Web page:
A food processor was receiving complaints from its customers about the firmness of its canned sweet potatoes. The firm's research scientist decided to conduct an experiment to ­determine if adding pectin to the sweet potatoes might result in a product with a more desirable firmness. The experiment was designed using three concentrations of pectin (by weight)-1%, 2%, and 3%- and a control with 0%. The processor packed 12 cans with sweet potatoes with a 25% (by weight) sugar solution. Three cans were randomly assigned to each of the pectin concentrations with the appropriate percentage of pectin added to the sugar syrup. The cans were sealed and placed in a 25° C environment for 30 days. At the end of the storage time, the cans were opened, and a firmness determination was made for the contents of each can. These appear below:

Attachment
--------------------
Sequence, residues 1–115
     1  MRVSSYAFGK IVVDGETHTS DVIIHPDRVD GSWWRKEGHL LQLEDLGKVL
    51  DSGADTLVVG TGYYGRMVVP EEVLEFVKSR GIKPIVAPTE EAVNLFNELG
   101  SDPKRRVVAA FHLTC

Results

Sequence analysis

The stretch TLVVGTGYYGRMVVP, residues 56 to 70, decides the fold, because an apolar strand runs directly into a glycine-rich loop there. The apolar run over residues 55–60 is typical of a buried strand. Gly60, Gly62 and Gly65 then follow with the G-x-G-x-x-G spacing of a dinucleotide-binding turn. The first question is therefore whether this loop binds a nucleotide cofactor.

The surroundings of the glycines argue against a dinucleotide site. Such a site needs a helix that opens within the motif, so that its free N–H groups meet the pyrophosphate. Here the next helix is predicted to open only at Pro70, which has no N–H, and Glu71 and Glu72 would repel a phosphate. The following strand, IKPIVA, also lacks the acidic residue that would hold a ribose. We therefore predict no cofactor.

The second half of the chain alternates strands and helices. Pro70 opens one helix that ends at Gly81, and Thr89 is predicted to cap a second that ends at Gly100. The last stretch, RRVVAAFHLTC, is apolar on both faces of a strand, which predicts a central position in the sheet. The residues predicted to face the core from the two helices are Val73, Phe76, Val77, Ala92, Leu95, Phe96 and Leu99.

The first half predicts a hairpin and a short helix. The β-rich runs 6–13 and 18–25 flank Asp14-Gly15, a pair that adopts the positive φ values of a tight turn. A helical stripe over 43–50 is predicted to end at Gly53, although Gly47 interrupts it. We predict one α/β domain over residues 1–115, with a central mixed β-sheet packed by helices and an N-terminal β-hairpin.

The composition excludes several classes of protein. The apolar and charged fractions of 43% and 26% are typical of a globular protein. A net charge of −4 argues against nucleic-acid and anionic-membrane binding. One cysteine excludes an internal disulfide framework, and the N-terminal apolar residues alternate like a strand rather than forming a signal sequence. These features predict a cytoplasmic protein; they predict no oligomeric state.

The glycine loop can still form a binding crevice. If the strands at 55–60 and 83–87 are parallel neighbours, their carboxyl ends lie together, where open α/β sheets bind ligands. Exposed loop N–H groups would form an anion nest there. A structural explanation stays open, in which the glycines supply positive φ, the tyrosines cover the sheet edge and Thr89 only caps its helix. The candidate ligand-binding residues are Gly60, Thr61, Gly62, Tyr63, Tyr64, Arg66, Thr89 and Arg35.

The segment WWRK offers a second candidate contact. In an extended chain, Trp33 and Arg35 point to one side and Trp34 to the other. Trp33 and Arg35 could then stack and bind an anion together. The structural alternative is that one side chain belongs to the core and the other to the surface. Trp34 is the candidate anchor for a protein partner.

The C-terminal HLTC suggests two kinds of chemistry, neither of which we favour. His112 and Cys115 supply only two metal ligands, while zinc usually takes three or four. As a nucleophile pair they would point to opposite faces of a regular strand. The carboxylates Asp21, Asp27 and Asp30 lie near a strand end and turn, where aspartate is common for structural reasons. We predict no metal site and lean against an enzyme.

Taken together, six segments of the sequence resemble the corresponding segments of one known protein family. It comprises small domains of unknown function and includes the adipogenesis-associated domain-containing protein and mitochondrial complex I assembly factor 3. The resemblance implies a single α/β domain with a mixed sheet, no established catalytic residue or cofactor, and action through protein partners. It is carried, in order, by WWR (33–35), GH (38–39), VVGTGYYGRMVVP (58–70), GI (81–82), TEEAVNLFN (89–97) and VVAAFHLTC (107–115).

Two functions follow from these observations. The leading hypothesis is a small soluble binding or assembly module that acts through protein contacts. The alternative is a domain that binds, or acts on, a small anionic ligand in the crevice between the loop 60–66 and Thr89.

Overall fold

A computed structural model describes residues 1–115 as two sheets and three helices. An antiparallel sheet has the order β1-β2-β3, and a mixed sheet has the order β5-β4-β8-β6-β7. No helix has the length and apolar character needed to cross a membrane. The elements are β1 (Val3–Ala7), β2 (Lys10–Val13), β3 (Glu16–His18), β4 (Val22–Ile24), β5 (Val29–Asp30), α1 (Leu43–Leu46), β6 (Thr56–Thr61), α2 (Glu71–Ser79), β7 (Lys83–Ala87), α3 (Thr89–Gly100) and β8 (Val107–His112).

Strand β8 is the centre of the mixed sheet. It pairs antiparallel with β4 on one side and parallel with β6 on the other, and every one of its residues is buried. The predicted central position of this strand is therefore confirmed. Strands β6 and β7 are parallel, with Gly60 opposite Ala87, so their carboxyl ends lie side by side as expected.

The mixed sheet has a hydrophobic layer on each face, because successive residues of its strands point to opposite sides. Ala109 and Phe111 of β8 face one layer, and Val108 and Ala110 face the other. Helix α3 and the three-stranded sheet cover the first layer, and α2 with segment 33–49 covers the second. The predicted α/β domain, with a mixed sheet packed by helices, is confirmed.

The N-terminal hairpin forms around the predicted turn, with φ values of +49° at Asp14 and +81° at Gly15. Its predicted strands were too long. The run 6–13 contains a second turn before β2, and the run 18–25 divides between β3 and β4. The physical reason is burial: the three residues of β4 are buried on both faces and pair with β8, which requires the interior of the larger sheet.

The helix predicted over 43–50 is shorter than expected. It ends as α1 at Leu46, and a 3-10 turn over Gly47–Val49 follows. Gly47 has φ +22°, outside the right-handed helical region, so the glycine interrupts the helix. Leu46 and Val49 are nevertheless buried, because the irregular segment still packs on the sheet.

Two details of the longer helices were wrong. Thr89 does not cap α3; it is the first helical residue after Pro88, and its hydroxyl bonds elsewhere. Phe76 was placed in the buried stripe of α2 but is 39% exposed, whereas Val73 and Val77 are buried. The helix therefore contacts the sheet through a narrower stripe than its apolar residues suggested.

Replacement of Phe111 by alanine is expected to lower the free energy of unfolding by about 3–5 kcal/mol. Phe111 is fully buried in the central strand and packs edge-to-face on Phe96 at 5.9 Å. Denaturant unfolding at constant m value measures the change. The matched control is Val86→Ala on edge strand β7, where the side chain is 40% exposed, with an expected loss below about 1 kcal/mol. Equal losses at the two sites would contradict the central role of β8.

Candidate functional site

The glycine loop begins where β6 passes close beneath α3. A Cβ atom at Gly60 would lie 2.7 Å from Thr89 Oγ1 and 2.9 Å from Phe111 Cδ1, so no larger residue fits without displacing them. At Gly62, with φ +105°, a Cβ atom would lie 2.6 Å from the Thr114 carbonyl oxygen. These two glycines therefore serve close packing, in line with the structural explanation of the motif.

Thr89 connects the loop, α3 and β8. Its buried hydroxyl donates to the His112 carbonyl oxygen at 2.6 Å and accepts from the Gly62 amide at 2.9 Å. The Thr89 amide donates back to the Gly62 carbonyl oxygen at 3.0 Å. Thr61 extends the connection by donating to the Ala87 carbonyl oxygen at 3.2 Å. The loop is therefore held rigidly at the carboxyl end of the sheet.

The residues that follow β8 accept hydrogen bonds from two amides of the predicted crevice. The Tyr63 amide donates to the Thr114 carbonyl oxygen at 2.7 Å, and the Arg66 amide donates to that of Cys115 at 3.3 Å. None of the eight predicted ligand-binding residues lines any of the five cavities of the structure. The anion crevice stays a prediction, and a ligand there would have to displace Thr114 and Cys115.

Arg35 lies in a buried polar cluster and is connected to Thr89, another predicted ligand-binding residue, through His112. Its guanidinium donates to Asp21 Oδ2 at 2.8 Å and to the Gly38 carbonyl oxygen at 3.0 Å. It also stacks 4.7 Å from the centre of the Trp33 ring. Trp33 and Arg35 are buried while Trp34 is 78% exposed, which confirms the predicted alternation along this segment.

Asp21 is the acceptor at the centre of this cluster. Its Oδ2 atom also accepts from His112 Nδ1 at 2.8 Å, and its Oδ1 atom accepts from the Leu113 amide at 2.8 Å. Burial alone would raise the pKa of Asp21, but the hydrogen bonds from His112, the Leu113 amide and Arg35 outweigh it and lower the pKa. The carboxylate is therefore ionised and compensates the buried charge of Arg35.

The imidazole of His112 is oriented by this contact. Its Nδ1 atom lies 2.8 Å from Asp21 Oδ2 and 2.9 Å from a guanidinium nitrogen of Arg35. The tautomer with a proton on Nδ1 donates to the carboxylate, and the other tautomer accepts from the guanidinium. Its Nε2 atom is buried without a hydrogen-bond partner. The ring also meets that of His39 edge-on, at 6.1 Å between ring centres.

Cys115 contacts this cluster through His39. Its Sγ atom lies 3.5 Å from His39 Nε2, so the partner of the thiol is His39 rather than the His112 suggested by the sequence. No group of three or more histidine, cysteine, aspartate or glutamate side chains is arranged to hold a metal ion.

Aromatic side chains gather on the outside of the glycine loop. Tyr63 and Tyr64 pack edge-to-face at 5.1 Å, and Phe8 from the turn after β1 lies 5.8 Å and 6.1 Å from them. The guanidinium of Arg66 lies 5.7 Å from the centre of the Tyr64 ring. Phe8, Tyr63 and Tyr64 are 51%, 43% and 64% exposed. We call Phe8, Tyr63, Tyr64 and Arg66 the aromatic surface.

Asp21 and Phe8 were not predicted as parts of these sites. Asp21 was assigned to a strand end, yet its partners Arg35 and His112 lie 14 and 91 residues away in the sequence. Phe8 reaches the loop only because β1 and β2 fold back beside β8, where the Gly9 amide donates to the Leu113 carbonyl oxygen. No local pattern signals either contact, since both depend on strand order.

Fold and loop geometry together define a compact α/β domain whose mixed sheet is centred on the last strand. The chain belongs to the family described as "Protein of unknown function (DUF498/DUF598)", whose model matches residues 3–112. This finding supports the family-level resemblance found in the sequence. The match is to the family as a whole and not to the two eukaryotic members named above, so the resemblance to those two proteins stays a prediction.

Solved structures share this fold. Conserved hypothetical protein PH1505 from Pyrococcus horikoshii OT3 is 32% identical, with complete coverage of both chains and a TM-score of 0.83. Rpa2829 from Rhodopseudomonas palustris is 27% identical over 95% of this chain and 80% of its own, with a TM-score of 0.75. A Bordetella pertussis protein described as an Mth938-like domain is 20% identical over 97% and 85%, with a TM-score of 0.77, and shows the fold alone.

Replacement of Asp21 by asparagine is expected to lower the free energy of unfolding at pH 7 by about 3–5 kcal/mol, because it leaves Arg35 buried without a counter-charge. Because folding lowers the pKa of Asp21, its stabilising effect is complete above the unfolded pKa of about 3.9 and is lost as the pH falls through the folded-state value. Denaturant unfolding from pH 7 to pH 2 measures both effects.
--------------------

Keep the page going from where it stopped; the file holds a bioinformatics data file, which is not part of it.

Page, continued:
a. Let x denote the pectin concentration of the sweet potatoes in a can and y denote the firmness reading following the 30 days of storage at 25° C. Plot the sample data in a scatter diagram.
b. Obtain the least- squares estimates for the parameters, and plot the least- squares line on your scatter diagram.
c. Does firmness appear to be in a constant increasing relation with pectin concentration?
d. Predict the firmness of a can of sweet potatoes treated with a 1.5% concentration of pectin (by weight) after 30 days of storage at 25° C.

  • CreatedNovember 21, 2015
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